The Department of Audiology evaluate and diagnoses hearing loss in children from birth to 21 years of age through a variety of screenings and tests. Audiologists also provide rehabilitative audiologic services including hearing aids, cochlear implants and other assistive devices.
The Pediatric Feeding and Swallowing Center brings together an interdisciplinary team of specialists to offer a comprehensive approach to treating feeding and swallowing problems. We offer a full range of therapy and assessment including outpatient clinic services and a day treatment program. Inpatient hospitalization is available for children who require complex medical management.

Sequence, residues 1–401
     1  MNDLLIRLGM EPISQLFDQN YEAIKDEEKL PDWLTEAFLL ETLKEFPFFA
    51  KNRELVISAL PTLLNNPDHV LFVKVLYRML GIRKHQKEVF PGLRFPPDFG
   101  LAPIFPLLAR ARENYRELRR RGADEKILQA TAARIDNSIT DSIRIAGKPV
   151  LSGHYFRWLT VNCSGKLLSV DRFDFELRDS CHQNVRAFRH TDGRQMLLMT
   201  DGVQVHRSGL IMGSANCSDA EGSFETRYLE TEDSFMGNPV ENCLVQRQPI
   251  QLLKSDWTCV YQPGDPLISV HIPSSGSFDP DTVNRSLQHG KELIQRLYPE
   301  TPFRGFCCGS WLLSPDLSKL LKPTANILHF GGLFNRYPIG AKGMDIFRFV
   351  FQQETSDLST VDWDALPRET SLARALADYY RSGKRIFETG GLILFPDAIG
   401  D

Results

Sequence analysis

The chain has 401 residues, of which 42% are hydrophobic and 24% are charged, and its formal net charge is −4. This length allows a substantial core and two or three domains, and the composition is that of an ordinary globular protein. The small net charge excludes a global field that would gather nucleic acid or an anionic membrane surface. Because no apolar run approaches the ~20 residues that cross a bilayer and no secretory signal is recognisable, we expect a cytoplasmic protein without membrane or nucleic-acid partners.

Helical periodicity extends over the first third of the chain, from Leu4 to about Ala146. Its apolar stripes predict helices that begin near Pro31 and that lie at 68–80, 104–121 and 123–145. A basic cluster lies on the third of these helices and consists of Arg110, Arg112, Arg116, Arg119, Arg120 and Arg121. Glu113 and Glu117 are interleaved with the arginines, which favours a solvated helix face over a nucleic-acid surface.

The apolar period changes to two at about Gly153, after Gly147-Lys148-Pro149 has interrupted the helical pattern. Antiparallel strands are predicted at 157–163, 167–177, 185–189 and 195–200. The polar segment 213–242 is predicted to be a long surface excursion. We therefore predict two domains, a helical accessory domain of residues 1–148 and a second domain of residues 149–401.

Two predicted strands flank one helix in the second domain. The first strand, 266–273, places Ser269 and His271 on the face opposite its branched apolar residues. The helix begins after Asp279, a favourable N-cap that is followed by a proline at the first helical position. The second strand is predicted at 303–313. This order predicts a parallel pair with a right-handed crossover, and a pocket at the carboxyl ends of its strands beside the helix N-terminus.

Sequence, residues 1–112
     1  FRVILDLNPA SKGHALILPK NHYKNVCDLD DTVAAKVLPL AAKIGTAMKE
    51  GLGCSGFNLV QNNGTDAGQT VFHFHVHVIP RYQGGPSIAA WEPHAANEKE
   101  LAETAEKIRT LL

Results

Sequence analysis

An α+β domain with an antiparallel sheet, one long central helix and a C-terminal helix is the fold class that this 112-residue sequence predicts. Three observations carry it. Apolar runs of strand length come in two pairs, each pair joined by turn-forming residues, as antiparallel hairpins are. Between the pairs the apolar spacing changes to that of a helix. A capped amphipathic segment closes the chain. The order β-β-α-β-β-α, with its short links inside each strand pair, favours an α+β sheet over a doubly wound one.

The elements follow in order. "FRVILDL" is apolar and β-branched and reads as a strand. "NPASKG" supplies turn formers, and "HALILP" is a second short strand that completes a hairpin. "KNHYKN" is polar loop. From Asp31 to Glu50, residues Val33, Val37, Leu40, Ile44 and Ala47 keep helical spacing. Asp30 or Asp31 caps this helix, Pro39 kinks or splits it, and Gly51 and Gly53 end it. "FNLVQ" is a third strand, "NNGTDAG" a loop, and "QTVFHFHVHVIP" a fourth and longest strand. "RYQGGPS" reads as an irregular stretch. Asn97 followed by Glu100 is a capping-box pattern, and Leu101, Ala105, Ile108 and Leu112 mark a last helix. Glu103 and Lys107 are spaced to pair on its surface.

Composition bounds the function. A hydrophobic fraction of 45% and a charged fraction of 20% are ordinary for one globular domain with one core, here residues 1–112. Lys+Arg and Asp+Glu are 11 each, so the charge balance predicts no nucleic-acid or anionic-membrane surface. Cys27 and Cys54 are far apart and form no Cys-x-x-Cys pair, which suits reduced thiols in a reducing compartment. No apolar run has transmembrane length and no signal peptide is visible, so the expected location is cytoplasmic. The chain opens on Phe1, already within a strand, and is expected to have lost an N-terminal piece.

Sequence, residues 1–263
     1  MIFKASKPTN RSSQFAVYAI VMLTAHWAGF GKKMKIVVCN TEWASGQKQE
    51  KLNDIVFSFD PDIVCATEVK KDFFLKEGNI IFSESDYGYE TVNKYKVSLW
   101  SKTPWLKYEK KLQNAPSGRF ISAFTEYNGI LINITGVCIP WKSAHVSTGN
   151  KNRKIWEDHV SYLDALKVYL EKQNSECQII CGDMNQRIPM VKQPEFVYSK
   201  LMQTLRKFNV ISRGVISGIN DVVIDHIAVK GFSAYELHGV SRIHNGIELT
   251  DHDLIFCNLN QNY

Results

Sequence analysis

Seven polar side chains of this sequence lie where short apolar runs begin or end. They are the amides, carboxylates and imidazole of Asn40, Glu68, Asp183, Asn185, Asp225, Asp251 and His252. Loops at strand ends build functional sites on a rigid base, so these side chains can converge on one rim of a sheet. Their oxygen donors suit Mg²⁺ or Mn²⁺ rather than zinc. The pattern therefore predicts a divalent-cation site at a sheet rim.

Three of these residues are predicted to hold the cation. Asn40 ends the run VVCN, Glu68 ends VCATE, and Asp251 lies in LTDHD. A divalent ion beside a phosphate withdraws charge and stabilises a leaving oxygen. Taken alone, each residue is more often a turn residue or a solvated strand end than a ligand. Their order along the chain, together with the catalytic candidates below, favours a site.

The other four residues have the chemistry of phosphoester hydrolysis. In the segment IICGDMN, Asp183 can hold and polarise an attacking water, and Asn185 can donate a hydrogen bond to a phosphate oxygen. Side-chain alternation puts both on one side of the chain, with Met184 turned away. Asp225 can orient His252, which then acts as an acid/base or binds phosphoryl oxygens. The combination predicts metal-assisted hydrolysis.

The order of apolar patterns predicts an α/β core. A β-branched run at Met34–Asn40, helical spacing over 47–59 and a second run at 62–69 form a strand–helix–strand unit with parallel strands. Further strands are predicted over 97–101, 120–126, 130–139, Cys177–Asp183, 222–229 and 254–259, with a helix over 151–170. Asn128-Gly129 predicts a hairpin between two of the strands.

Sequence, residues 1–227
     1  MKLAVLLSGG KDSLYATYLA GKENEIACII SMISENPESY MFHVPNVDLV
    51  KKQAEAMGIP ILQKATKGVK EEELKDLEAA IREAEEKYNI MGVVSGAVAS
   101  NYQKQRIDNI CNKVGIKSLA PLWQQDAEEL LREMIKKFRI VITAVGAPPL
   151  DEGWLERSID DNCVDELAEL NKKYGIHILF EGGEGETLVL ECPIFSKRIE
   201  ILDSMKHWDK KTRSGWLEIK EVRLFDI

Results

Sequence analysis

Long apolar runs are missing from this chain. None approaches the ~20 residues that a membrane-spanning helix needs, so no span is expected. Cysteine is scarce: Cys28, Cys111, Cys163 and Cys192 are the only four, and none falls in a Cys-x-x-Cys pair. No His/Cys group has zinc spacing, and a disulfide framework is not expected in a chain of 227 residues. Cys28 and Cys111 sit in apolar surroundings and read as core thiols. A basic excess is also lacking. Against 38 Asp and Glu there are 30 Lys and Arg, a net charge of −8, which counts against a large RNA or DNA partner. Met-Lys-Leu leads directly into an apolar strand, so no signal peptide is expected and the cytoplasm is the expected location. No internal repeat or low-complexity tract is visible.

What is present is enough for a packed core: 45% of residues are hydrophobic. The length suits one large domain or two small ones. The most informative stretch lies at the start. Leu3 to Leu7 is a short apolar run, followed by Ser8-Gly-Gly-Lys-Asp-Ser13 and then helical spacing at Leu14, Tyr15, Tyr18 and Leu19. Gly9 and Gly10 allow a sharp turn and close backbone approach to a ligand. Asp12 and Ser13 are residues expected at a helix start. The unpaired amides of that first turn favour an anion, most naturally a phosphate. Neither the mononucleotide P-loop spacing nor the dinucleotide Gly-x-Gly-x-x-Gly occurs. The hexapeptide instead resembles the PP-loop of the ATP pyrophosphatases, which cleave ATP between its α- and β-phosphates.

Center staff members coordinate all aspects of your child's ongoing care with the family. We place special emphasis on educating family members so you can participate fully in your child's treatment.
The "22q and You" Center is the premiere site for the diagnosis and multidisciplinary management of children with a chromosome 22q11.2 deletion. The chromosome 22q11.2 deletion — a genetic disorder at the root of syndromes such as DiGeorge and velocardiofacial — may cause a variety of health problems, ranging from heart defects and cleft palate to feeding difficulties, immune problems, a unique pattern of learning disabilities and more. We have evaluated more than 600 patients with a 22q11.2 deletion, making our Center the world leader in 22q multidisciplinary evaluation. The goals of our center are to:
For more information the Neonatal Craniofacial Program at CHOP, please call 215-590-2616 or contact us online. To schedule an appointment, call 215-590-2208.
Reviewed by: Scott Bartlett, MD, and Janet Lioy, MD, FAAP
Date: April 2013